Mozilla has announced that the final version of Firefox 32 has been released, concluding the development cycle for yet another branch of this Internet browser.
It's been a little over a month since the previous Firefox stable release and the developers have now pushed a new major update to users. This latest iteration of Firefox brings just a few major features for regular users, but it excels in other areas like better HTML 5 support.
The official announcement for Mozilla Firefox 32 hasn't been made public just yet, but the mirrors now host the latest stable versions. It will take them a while to post anything official, and some time may go by until this new release hits the repositories, but you now can get to see what has changed.
According to the changelog, generational garbage collection has been implemented, HTTP caching (v2) has been enabled by default, public key pinning support has been enabled, the login metadata viewable is now viewable in the password manager, the number of found items in the find toolbar is now shown (just like Google Chrome does), code completion and inline documentation has been added to Scratchpad, it's now possible to connect to the HTTP proxy over HTTPS, the trust bits for some 1024-bit root certificates have been removed and turned off, and various performance improvements have been made to the Password Manager and Add-on Manager.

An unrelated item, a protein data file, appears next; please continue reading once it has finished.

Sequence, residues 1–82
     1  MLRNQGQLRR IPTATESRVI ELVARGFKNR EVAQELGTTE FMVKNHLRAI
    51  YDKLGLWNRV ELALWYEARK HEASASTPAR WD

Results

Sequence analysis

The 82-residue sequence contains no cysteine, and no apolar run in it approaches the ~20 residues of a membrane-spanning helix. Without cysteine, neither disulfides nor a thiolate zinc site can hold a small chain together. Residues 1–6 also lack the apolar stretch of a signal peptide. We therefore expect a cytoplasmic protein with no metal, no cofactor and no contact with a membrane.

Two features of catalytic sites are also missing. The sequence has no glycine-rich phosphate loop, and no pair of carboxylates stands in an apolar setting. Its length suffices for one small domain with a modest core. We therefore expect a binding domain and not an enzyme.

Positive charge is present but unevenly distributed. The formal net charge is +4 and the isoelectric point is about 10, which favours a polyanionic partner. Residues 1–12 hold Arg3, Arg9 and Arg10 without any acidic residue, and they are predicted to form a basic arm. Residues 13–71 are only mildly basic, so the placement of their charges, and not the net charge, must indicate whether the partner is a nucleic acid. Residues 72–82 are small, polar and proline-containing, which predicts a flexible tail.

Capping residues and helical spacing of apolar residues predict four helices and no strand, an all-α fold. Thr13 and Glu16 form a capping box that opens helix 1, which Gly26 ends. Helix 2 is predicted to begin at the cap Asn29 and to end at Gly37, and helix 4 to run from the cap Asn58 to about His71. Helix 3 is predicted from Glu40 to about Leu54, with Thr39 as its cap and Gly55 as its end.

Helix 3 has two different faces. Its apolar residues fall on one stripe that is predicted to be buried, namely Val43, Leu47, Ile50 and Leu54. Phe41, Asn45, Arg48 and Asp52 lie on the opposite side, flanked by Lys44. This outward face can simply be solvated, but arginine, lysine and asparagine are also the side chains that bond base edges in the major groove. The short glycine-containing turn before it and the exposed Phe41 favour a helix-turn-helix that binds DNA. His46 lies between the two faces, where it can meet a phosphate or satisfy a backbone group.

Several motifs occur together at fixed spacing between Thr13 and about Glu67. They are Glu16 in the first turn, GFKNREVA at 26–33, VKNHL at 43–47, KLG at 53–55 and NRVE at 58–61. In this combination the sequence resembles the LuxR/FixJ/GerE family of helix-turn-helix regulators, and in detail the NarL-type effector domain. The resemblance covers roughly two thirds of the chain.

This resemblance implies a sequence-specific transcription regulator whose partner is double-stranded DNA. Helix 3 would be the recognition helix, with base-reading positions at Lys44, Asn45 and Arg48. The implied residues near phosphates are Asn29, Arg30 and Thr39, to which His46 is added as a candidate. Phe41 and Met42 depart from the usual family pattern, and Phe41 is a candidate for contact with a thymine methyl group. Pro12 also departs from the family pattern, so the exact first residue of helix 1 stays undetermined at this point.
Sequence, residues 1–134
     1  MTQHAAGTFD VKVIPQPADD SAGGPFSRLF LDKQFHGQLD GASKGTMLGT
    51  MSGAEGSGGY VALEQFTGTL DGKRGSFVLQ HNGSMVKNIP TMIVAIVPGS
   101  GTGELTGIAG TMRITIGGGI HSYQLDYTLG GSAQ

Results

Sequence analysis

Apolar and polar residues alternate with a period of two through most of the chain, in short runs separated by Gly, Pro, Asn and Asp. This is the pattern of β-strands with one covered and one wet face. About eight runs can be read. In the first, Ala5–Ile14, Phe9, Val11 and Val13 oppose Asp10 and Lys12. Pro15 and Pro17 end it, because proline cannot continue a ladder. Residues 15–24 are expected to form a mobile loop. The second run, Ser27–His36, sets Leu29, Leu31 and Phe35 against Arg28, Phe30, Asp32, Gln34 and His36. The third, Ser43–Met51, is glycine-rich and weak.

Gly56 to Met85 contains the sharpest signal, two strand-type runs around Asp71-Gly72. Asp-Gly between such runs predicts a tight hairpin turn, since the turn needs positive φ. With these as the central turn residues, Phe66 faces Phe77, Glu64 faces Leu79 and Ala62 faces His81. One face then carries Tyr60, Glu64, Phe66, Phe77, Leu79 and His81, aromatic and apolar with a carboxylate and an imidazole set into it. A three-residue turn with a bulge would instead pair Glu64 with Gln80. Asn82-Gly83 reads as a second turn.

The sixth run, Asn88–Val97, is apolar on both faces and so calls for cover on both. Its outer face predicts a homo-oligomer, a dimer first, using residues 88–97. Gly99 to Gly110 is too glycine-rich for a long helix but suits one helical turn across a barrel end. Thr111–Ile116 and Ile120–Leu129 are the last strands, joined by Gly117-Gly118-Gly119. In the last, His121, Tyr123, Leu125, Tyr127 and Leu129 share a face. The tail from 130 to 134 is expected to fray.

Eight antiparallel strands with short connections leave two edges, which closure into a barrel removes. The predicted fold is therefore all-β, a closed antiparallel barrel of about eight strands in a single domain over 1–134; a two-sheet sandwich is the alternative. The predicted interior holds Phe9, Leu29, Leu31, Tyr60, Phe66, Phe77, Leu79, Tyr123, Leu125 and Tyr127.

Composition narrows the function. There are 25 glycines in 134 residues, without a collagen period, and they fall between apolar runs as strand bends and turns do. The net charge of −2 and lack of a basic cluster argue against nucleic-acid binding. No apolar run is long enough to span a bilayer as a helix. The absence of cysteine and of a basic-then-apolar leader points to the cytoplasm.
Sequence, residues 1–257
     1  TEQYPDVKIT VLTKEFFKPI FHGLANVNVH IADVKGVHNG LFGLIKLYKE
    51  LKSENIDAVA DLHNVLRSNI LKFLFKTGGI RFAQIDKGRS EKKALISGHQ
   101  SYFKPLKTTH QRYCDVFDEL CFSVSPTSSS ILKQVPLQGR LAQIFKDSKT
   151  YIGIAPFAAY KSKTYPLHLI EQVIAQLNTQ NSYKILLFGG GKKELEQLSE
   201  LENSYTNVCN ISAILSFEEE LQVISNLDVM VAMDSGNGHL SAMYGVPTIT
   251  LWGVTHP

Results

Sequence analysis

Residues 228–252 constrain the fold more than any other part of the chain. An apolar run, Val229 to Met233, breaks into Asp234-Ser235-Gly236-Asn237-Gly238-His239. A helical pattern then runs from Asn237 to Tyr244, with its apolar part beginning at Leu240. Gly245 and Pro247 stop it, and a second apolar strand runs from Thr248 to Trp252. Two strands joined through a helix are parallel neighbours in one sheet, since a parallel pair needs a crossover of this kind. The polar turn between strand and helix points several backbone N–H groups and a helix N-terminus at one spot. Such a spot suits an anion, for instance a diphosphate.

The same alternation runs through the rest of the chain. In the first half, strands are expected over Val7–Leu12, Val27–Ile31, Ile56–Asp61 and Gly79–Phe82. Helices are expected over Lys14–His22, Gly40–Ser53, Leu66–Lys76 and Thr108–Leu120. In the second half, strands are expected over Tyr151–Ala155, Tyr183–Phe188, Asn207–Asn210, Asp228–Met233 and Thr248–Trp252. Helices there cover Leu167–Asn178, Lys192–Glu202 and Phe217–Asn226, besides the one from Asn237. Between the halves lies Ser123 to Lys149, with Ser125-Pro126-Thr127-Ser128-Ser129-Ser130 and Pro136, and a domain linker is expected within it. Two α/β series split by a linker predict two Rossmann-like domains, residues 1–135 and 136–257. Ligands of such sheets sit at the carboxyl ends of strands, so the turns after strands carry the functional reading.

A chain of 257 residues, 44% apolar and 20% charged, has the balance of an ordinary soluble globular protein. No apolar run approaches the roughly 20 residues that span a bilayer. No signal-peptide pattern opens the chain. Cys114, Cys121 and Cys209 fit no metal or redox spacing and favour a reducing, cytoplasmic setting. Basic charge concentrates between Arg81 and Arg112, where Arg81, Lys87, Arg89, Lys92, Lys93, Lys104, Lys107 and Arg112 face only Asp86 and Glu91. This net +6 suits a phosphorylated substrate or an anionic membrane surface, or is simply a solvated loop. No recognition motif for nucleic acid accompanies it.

Also, on the HTML 5 front, CSS position:sticky has been enabled by default, mix-blend-mode has been enabled by default, the vibration API has been updated to latest W3C spec, HiDPI support has been implemented in the Developer Tools UI, the inspector button has been moved to the top left, a new Web Audio Editor has been added, and numerous security and bug fixes have been implemented.
It looks like the "version war" between Firefox and Google Chrome is raging on. The two browsers will soon share the same version number (relative), and soon after that, if nothing changes in the Firefox or Google Chrome version policy, the browser from Mozilla will overtake its counterpart from Google.
More details about this new Firefox release can be found in the official changelog, which points to the Beta version for the time being. Keep in mind that some of your add-ons might not work with the new version, although all the important ones have been ported already.